Nope, I’m Done. Foolish Cricket and Manners

My husband and I run an invite only tournament every year called Foolish Cricket.  This year it ran the best it has ever ran.  Part of that is because we used Dart Connect, a scoring app designed for steel-tip darts.  The other was due to players respecting the rules.

For those that don’t understand darts, it’s hard to imagine, but this tournament is a round robin and in prior years has taken about 15 hours of constant play.  This year, we did it in 12 1/2.  That’s a lot of darts thrown in a single day.

People that come year after year will tell you it’s the tournament they love to hate.  I get it.  Players are on their feet for most of the day.  Breaks are few and short.  Leaving is impossible until you lose.

This year, several newcomers were able to join us.  It was wonderful and difficult for most of them.  After they had lost, the majority told me how much fun they had and how much harder it is than a normal tournament.

However, I’m going to emphasize most.  We had one woman this year that bitched and whined about everything,  She even accused another player of doing something that player wasn’t doing (intentionally delaying matches by leaving the building).  And forfeited her round to her by throwing her score sheet at the young man I beg to run the tournament for me every year.

I can deal with most tantrums.  This one though, she just pushed it too far.  After her tantrum about Dart Player X, she was asked if she wanted to go ahead and play that match… That’s when she changed her story and complained that her foot was hurting her.  I was going to say something to her, but was told not to.  We all know she is a difficult human being, there was no need for me to lose my composure over something as small as this.

I decided Player X, who gave me that advice, was right and I let it go.  If Player X wasn’t going to be mad, then I wouldn’t be either.  And that worked for most of the day.

Until she started telling people that my husband didn’t know how to run a tournament.  I didn’t punch her in the face, which is what I wanted to do.  I didn’t scream at her or set her on fire, despite both crossing my mind.  Instead I talked about it a little bit with some of my friends and told my husband she was never allowed back.  I think I took the high road here and should get a gold star.

I was there for over 14 hours Saturday.  I had to return Sunday to assist with clean-up.  I’ve mentioned the nerve blockers have worn off and I was in so much pain – just from running around, standing, and sitting in those awful chairs all day – that I came home and cried Saturday night.  I came home Sunday, went to take a nap, and cried myself to sleep.  It got so bad Saturday, that I had to take my shoes off so that I could feel the floor under my feet.  Sounds strange, but when my lower legs start to hurt to the point that they feel like the bones have been crushed, I guess the nerves in my legs are so hyperactive, that they do not allow my brain to process the sensations from my feet.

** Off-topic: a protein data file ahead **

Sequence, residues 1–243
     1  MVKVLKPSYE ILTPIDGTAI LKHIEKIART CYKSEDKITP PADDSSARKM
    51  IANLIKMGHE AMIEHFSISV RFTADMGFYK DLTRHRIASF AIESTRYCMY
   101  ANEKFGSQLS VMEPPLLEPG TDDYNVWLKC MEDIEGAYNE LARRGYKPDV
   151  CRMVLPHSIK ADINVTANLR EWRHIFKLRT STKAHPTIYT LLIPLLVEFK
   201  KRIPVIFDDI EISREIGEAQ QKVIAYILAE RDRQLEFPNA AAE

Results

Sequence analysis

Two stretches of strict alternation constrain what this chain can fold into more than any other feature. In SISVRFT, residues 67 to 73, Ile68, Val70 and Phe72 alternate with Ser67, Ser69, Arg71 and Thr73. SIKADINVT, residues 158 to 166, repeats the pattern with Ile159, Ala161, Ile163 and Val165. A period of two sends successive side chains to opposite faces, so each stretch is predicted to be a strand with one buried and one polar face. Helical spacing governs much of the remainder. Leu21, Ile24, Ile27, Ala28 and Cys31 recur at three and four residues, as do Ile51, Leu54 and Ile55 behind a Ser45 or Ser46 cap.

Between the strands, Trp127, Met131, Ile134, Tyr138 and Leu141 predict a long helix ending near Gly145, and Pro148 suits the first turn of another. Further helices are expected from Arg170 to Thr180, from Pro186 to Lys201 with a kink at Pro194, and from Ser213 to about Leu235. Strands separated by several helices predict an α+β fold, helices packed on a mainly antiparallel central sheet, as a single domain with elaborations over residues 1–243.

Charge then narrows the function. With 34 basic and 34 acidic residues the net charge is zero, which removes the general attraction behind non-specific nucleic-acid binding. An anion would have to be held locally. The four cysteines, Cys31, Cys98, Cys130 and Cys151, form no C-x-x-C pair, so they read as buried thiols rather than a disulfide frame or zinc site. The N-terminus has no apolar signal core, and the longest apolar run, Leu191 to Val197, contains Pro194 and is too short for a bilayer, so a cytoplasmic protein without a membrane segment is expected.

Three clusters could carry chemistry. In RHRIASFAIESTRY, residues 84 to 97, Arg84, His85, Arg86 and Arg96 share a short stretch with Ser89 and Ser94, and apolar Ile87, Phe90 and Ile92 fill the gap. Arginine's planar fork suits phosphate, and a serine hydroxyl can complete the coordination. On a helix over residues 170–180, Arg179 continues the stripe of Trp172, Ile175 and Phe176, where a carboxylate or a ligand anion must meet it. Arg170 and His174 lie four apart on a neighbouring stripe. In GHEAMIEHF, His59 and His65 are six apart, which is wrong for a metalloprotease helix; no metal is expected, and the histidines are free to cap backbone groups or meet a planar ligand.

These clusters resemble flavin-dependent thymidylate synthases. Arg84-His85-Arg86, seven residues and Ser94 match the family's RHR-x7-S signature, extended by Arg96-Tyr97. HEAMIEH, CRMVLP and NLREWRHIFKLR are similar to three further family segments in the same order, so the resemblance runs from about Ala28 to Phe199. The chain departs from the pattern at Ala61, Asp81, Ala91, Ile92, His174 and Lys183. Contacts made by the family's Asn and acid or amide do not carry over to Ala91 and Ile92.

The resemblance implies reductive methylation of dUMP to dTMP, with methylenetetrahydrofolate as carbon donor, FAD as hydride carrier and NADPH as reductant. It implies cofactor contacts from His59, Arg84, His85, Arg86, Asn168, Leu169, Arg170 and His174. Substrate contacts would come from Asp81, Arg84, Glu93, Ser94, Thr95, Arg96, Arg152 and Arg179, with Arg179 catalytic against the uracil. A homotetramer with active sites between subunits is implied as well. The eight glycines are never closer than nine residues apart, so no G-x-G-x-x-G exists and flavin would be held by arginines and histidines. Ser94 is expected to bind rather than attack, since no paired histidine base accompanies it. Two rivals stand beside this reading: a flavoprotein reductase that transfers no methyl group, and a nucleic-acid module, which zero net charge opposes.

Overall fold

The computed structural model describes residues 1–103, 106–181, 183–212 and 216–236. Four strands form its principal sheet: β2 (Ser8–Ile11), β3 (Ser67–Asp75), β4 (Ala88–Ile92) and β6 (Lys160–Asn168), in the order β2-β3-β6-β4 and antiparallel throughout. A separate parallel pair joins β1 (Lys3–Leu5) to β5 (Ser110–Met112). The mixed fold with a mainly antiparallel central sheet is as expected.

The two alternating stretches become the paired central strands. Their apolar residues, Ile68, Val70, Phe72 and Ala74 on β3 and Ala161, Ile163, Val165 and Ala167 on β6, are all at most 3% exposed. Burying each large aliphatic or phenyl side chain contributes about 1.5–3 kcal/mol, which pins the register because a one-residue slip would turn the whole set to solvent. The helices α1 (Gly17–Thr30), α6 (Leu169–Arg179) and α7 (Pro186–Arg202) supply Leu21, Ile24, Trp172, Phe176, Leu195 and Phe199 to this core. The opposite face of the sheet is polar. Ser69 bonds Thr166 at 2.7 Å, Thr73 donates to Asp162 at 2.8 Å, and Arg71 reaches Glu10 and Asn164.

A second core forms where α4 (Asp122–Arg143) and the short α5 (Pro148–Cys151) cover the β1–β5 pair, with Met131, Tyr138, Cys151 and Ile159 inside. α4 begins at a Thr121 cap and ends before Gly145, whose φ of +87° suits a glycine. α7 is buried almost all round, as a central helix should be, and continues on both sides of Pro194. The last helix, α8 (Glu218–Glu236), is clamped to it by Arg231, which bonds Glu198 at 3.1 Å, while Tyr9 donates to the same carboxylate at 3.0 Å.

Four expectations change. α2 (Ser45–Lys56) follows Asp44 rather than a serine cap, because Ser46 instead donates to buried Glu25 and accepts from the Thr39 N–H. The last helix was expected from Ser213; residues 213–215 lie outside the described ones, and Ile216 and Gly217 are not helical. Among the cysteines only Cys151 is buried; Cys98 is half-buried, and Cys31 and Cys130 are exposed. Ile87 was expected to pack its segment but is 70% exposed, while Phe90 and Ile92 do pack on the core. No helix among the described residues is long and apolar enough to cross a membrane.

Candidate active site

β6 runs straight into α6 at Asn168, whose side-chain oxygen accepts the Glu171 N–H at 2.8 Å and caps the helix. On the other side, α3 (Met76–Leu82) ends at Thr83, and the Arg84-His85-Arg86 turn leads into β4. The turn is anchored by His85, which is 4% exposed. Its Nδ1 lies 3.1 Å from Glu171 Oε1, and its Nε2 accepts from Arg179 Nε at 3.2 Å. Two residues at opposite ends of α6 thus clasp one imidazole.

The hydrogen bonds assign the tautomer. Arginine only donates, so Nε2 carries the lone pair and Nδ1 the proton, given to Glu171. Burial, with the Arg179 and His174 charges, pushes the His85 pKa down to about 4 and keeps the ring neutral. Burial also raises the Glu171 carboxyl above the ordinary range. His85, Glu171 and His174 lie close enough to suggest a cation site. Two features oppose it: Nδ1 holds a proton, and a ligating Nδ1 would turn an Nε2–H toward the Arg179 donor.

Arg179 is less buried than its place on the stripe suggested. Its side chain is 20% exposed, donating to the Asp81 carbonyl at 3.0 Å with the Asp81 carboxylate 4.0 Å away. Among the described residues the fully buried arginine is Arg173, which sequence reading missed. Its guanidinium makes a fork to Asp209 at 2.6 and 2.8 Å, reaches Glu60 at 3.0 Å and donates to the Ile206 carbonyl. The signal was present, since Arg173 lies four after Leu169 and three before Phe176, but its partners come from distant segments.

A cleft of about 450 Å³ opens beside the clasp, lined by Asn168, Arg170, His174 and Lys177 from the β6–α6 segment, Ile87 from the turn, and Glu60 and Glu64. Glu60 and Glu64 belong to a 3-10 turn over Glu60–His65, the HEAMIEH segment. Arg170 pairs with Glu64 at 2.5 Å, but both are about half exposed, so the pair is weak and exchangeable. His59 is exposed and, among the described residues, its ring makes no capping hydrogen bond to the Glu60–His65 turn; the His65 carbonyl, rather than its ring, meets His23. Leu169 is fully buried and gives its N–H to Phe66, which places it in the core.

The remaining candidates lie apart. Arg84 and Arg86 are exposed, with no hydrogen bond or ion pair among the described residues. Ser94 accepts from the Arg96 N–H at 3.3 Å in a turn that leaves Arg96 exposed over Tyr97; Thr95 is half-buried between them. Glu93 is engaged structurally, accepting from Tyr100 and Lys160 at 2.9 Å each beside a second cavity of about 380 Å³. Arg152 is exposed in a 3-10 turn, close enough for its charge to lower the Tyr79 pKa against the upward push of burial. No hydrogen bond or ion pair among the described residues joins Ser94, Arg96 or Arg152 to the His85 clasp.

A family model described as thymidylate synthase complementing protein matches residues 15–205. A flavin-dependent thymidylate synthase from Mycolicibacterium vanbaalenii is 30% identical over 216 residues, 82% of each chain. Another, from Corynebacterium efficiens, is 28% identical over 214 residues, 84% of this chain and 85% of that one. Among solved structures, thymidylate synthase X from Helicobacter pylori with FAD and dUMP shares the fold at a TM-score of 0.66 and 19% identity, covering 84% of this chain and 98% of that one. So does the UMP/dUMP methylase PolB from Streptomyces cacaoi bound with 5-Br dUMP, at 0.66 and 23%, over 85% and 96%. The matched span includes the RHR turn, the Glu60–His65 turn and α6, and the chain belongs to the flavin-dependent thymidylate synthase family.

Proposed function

As Sunday wore on, I began to really regret not confronting her.  Yes, I believe in diplomacy and being nice.  I’m not a fighter.  I don’t even like confrontation.  But she didn’t just throw a tantrum… She disrespected my husband, myself, and all the players that love Foolish Cricket.  She needed to be called out on it.

She’s the kind of person that makes everyone around her miserable.  Her negativity and lying grates on everyone’s nerves.  Her constant complaining makes everyone else feel uncomfortable.

Foolish Cricket always makes people miserable the next day, but it’s “I’m so sore” and “I can barely move my arms” kind of miserable.  In other words, the good kind of miserable for a dart player.  Emotionally, it’s fulfilling to play that many games and know you did your best.

But with her around, it was emotionally draining.  I can say that I have never wished a dart player would stop playing darts… but I’ll make an exception for this one.  She gives the sport a bad name and tries to make other dart players feel like they are beneath her. After Saturday, I have decided: I don’t like her.  I don’t respect her.  I don’t think she should be allowed to come to darting events.  And I sure as hell know she will never be invited back to any tournament that I host or run.

Which is sad, because I consider most dart players family.

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